I think it’s a good experience when you meet a student outside of class. In school we have to show a certain “face” as a student or as a teacher. Unless you have one of the few teachers/professors who really take down barriers between you and them–those oddly enough are the ones I always respected the most now that I think about it.

  • Waltlanta

    I think you’re spot with that last paragraph. I don’t teach, but I get a similar feeling with my interactions here in the corporate world and the people I meet. It’s really hard sometimes to get into someone else’s head, and when we get wrong, we tend towards negative thinking.

  • Lily

    Hi. I know my comment is too late because this has been written almost a year ago, but I’d just recently discovered your website and I have to say you’re now one of my favorite people :) You look like a fun teacher. I love reading blogs about Japan because one of my greatest dreams is to go there someday. And I also love the fact that you’re a teacher too! I was also an English teacher to fifth graders. I also had a similar experience as to how students are unresponsive to class, but eventually they warmed up to me. I just had to find out what makes them tick, like how the girls like to talk about crushes and boys (yes, because they’re on that stage now), while the boys like games and stuff. Then one time I taught them a game (well, it’s a sort of a tag game where you run a LOT!) and when I joined them, we all get to have fun and at the end of the day they’ve gotten closer to me.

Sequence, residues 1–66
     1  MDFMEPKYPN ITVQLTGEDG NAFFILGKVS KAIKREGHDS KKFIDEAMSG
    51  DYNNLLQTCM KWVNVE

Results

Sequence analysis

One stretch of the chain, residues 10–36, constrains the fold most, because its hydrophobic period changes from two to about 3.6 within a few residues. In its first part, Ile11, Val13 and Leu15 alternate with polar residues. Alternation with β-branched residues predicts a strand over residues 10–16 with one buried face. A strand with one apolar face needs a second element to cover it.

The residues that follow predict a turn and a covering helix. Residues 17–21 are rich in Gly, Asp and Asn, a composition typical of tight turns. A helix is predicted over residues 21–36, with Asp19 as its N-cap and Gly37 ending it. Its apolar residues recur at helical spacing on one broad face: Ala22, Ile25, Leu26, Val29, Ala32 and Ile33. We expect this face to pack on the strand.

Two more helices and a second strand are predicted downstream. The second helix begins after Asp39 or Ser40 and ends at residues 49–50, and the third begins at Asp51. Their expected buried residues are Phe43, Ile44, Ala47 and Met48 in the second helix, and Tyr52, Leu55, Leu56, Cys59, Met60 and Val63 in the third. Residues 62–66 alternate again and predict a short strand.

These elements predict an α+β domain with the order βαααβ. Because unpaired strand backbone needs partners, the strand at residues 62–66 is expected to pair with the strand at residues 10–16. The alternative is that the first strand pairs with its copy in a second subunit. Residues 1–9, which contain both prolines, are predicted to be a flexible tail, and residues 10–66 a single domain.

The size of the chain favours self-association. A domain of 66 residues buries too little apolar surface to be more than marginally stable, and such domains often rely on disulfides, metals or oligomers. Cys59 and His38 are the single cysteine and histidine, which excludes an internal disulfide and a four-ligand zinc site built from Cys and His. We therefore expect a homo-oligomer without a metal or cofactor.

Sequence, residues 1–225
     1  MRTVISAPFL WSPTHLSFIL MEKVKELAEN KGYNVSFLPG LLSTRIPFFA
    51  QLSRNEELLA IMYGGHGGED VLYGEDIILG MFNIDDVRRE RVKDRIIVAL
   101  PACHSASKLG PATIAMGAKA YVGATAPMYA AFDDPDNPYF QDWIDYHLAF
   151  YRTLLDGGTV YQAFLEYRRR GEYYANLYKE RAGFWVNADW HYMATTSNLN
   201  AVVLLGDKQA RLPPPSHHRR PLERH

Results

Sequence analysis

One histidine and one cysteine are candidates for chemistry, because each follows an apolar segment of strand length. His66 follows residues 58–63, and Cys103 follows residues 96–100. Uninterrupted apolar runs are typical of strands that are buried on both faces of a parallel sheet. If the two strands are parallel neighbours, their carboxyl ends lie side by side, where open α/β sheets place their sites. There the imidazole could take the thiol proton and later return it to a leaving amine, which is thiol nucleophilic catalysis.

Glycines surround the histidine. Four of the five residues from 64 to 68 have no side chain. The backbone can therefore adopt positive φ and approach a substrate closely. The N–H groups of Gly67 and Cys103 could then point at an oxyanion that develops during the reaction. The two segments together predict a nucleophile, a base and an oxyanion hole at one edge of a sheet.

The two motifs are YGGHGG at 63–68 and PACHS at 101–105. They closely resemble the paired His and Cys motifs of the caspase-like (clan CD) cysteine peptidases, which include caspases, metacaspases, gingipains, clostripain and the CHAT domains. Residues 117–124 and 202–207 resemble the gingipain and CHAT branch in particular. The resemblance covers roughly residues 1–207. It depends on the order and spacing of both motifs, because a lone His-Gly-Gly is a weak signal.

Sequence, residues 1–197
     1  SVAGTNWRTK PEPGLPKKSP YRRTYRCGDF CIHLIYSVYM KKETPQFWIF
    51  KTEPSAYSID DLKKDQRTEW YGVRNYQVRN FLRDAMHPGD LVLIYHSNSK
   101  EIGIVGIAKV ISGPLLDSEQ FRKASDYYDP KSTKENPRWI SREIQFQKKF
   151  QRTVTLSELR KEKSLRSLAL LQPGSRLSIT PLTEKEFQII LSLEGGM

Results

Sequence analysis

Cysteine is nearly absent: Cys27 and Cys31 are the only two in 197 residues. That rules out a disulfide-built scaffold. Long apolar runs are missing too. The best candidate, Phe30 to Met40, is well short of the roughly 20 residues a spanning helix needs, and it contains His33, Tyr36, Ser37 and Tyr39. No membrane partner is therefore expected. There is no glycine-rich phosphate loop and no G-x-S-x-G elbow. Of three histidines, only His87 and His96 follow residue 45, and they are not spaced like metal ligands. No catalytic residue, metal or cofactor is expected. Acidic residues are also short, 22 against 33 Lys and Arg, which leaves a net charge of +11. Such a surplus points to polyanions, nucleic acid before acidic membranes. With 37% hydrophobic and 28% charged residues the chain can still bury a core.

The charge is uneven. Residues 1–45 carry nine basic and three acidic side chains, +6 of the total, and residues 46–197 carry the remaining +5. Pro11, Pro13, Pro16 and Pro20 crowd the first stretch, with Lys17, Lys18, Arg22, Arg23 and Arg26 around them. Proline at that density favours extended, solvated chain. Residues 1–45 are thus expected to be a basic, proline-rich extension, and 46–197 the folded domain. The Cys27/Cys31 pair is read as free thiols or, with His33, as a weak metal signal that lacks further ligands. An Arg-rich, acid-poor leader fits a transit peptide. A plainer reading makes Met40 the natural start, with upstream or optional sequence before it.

Good luck there in Japan! Have a nice day!

  • Lily

    Hi. I know my comment is too late because this has been written almost a year ago, but I’d just recently discovered your website and I have to say you’re now one of my favorite people :) You look like a fun teacher. I love reading blogs about Japan because one of my greatest dreams is to go there someday. And I also love the fact that you’re a teacher too! I was also an English teacher to fifth graders. I also had a similar experience as to how students are unresponsive to class, but eventually they warmed up to me. I just had to find out what makes them tick, like how the girls like to talk about crushes and boys (yes, because they’re on that stage now), while the boys like games and stuff. Then one time I taught them a game (well, it’s a sort of a tag game where you run a LOT!) and when I joined them, we all get to have fun and at the end of the day they’ve gotten closer to me.
    Good luck there in Japan! Have a nice day!

    • thejapanguy

      Hey Lily!
      There’s no such thing as too late here. You’re about to make me blush, lol.

      Teaching is like that sometimes. You teach your heart out, give your all, and sometimes you think it falls on deaf ears, but if you’re truly out there trying, your words and lessons WILL reach somebody, right? It’s one of those warm fuzzy things about being an educator I think.

      Seriously, thanks for your comment, Lily